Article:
By Heather Brown

MINNEAPOLIS (WCCO) — Father’s Day was first recognized more than 100 years ago, when the role of dads was quite different.

So, how has fatherhood changed?

When fathers are asked, “What’s the secret to being a good dad?,” the responses range from providing for your kids, watching them, guiding them, listening, being available, and being a nice husband to your wife.

“Now, to be a good dad, you’re expected to do more of what mothers used to do,” says Dr. Bill Doherty, professor of family science at the University of Minnesota.

He says the change has been underway since the early 20th century, but accelerated in the 1960s, a time of major generational change. More women were entering the workforce and traditional gender roles were being re-examined.

“Our ideas about masculinity have shifted too,” Doherty says.

According to Pew Research, fathers worked an average of 46 hours per week. They spent four hours on housework and two-and-a-half hours on childcare. Now, dads work slightly less at 43 hours, but do more than twice as much housework (10 hours) and three times as much childcare (8 hours).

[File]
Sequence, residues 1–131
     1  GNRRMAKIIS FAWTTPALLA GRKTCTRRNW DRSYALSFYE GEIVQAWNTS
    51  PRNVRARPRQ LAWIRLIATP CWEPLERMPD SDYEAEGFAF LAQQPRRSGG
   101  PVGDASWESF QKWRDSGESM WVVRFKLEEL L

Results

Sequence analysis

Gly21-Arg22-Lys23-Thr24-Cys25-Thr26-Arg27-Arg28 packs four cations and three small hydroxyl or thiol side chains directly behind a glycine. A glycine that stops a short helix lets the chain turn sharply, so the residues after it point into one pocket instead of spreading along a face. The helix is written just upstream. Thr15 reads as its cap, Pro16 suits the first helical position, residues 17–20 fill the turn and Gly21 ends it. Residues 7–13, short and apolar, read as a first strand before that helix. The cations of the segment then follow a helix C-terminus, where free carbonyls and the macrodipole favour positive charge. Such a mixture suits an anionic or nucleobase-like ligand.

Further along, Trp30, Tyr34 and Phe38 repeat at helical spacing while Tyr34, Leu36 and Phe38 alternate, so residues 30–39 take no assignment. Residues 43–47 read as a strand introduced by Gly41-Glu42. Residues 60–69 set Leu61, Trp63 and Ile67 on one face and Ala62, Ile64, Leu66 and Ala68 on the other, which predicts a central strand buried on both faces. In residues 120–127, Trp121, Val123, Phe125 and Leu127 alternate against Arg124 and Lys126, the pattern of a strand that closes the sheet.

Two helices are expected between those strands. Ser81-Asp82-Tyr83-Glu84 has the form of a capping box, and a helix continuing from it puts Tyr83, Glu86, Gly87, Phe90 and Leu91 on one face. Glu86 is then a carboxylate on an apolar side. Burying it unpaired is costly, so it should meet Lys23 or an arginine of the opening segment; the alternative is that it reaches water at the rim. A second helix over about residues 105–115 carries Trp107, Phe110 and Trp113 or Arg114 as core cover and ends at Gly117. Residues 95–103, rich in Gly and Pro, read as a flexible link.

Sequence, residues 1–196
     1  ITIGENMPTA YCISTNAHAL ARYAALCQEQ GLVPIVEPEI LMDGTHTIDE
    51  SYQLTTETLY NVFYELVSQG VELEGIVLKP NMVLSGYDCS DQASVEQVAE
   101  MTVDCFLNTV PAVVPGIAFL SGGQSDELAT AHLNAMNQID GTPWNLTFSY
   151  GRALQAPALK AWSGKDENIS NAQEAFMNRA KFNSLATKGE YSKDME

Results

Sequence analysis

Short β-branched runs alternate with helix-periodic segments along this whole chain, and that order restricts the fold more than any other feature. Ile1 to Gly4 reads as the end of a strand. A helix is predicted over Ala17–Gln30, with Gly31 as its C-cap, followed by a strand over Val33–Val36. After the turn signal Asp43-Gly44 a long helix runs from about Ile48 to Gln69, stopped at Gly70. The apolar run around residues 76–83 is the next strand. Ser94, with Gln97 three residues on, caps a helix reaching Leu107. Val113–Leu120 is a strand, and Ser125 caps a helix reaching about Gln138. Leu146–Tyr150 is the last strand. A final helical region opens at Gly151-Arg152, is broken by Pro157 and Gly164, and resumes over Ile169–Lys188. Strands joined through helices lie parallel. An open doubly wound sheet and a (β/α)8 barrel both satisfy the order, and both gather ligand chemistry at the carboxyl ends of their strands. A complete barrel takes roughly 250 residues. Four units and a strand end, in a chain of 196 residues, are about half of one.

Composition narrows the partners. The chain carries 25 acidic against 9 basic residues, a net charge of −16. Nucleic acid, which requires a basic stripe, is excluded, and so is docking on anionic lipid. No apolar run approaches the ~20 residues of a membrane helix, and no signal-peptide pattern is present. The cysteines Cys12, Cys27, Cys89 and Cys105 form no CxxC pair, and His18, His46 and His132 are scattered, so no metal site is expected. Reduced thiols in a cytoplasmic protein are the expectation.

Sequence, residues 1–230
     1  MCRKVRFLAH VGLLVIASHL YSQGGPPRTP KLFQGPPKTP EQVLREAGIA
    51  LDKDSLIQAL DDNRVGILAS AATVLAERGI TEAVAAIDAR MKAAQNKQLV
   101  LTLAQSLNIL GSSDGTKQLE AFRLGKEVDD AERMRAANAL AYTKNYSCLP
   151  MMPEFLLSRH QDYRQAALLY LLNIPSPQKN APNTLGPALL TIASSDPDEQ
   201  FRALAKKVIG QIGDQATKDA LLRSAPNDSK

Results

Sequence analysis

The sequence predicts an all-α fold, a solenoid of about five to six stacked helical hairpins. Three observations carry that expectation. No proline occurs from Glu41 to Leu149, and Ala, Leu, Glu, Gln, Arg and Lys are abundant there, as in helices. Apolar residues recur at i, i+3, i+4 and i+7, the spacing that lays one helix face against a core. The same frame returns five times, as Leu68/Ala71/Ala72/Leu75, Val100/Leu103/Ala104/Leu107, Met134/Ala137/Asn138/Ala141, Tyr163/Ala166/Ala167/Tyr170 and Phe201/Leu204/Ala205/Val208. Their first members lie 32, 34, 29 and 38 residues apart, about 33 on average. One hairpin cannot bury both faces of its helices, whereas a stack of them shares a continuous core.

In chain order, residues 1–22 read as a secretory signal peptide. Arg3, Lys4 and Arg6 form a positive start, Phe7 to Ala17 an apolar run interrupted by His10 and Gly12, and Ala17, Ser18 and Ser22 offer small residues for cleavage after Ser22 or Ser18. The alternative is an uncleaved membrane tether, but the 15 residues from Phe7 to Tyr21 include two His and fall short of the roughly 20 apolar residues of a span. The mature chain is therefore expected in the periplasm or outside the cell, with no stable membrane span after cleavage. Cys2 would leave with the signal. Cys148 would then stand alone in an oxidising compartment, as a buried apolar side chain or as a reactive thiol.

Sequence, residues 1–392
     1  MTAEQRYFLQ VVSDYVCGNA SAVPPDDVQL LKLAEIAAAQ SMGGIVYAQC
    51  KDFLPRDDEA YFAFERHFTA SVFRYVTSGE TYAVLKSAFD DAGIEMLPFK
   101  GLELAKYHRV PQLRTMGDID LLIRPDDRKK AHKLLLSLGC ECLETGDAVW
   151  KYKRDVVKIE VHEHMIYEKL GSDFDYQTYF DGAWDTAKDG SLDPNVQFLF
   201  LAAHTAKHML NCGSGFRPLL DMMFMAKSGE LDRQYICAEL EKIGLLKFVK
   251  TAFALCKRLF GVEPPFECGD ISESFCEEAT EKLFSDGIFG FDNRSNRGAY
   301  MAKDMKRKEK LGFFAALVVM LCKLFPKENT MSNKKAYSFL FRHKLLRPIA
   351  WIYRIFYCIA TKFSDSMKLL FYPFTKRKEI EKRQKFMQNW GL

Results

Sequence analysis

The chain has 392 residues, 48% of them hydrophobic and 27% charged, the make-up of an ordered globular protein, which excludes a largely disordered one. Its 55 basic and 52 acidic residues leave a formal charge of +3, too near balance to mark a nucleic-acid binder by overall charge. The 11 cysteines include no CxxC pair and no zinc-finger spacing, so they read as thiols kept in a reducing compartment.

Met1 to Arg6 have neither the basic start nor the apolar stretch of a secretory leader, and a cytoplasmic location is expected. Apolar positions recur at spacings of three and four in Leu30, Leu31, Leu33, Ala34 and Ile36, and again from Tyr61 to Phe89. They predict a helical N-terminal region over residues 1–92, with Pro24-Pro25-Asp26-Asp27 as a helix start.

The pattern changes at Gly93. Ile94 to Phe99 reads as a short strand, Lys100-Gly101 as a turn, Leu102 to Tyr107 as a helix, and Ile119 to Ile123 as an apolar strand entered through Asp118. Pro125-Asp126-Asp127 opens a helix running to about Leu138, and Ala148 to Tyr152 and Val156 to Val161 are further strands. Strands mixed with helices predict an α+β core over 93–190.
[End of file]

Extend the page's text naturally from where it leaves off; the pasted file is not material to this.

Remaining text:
Doherty says whether fathering now is better is subjective. But, given his role as a family science researcher, he believes the answer is yes.

“I think that kids benefit when both parents can do love and nurturing and limit-setting,” he says.

At the same time, he says a big challenge for contemporary fathers is to be more nurturing than previous generations and not set limits as much.

“It’s important to take each generation by its own standards and its own norms,” he says.

Pew Research also finds dad are now just as likely as moms (57 percent) to say parenting is central to their identity. More than half (52 percent) of working dads say it’s difficult to have a work-life balance.

Heather Brown